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Search Results: 1 - 10 of 434497 matches for " S. H. Youn "
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Impacts of aircraft emissions on the air quality near the ground
H. Lee,S. C. Olsen,D. J. Wuebbles,D. Youn
Atmospheric Chemistry and Physics Discussions , 2013, DOI: 10.5194/acpd-13-689-2013
Abstract: The continuing increase in demand for commercial aviation transport raises questions about the effects of resulting emissions on the environment. The purpose of this study is to investigate, using a global chemistry transport model, to what extent aviation emissions outside the boundary layer influence air quality in the boundary layer. The effects of current levels of aircraft emissions were studied through comparison of multiple simulations allowing for the separated effects of aviation emissions occurring in the low, middle and upper troposphere. We show that emissions near cruise altitudes rather than emissions during landing and take-off are responsible for most of the total odd-nitrogen (NOy), ozone (O3) and aerosol perturbations near the ground with a noticeable seasonal difference. Overall, the perturbations of these species are smaller than 1 ppb even in winter when the perturbations are greater than in summer. Based on the widely used air quality standards and uncertainty of state-of-the-art models, we conclude that aviation-induced perturbations have a negligible effect on air quality even in areas with heavy air traffic. Aviation emissions lead to a less than 1% aerosol enhancement in the boundary layer due to a slight increase in ammonium nitrate (NH4NO3) during cold seasons and a statistically insignificant aerosol perturbation in summer. In addition, statistical analysis using probability density functions, Hellinger distance, and p-value indicate that aviation emissions outside the boundary layer do not affect the occurrence of extremely high aerosol concentrations in the boundary layer. An additional sensitivity simulation assuming the doubling of surface ammonia emissions demonstrates that the aviation induced aerosol increase near the ground is highly dependent on background ammonia concentrations whose current range of uncertainty is large.
Hexagonal pnictide SrPtAs: superconductivity with locally broken inversion symmetry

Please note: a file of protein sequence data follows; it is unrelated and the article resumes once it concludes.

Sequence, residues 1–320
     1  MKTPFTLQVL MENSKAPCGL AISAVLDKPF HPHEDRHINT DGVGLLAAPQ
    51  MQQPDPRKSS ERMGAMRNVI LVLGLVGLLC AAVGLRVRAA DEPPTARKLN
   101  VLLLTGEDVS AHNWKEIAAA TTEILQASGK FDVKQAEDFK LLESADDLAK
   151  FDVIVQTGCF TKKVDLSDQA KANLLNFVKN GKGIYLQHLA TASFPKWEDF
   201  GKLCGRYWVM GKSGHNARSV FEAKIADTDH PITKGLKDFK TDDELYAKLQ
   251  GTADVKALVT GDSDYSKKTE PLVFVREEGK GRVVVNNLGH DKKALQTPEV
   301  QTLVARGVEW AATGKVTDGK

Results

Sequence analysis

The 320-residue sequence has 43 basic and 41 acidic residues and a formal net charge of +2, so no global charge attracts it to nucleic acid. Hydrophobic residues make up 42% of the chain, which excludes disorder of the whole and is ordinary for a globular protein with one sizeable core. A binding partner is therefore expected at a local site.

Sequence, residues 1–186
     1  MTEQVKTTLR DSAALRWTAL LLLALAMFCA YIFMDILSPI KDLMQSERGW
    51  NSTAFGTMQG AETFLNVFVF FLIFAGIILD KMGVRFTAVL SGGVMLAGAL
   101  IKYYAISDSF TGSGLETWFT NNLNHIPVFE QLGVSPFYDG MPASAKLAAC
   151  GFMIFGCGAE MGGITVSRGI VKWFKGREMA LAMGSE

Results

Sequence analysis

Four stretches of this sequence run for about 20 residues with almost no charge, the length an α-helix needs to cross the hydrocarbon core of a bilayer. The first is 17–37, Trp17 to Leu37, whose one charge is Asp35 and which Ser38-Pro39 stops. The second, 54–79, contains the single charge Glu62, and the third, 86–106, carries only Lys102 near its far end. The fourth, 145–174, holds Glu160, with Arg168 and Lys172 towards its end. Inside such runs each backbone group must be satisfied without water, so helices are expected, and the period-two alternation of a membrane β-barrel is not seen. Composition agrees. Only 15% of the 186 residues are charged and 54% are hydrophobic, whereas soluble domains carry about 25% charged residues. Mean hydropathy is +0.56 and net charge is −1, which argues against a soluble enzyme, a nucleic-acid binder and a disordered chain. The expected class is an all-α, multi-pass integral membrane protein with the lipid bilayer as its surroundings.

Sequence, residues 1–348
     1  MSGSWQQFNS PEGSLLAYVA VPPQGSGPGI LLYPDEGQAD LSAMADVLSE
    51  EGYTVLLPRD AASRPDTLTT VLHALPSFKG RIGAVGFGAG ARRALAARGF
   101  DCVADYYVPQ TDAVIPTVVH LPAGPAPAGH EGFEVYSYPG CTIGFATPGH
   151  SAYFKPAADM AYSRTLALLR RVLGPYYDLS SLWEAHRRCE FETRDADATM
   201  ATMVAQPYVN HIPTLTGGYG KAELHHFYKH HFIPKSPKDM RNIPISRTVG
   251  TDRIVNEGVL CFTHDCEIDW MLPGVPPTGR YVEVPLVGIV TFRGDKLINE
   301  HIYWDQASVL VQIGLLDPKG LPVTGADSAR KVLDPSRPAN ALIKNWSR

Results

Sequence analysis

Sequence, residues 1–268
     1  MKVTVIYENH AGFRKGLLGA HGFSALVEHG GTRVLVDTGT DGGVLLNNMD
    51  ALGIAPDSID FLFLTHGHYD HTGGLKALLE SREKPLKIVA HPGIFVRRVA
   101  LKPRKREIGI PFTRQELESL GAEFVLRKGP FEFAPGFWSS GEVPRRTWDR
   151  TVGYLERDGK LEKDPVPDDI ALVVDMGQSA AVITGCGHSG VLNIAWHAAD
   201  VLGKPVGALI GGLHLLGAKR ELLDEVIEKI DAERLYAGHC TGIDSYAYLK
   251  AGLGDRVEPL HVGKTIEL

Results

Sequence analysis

S. J. Youn,M. H. Fischer,S. H. Rhim,M. Sigrist,D. F. Agterberg
Physics , 2011,
Abstract: Unlike other pnictides, SrPtAs has a hexagonal structure, containing layers with As-Pt atoms that form a honeycomb lattice. These layers lack inversion symmetry which allows for a spin-orbit coupling that we show has a dramatic effect on superconductivity in this material. In particular, for conventional s-wave superconductivity in SrPtAs, both the spin susceptibility and the paramagnetic limiting field are enhanced significantly with respect to that usually expected for s-wave superconductors. SrPtAs provides a prime example of a superconductor with locally broken inversion symmetry.
Fabrication and Electrical Properties of Pure VO2 Phase Films
B. G. Chae,D. H. Youn,H. T. Kim,S. Y. Maeng,K. Y. Kang
Physics , 2003,
Abstract: We have grown VO2 thin films by laser ablation for electronic device applications. In obtaining the thin films of the pure VO2 phase, oxygen partial pressure is a critical parameter because vanadium oxides have several phases with the oxygen concentration. It is found that the pure VO2 films are epitaxially grown on Al2O3 substrate in the narrow ranges of 55-60 mTorr in an Ar+10% O2 ambient, and that the mixed phase films are synthesized when the deposition pressure slightly deviates from the optimum pressure. The (100) oriented VO2 films undergo an abrupt metal-insulator transition (MIT) with resistance change of an order of 104 at 338K. In the films of mixed phases, the small change of the resistance is observed at the same temperature. The polycrystalline films grown on SiO2/Si substrate undergo a broaden MIT of the resistance. Furthermore, the abrupt MIT and collective current motion appearing in metal are observed when the electric field is applied to the film.
Role of spin-orbit coupling on the electronic structure and properties of SrPtAs
S. J. Youn,S. H. Rhim,D. F. Agterberg,M. Weinert,A. J. Freeman
Physics , 2012,
Abstract: The effect of spin-orbit coupling on the electronic structure of the layered iron-free pnictide superconductor, SrPtAs, has been studied using the full potential linearized augmented plane wave method. The anisotropy in Fermi velocity, conductivity and plasma frequency stemming from the layered structure are found to be enhanced by spin-orbit coupling. The relationship between spin-orbit interaction and the lack of two-dimensional inversion in the PtAs layers is analyzed within a tight-binding Hamiltonian based on the first-principles calculations. Finally, the band structure suggests that electron doping could increase $T_c$.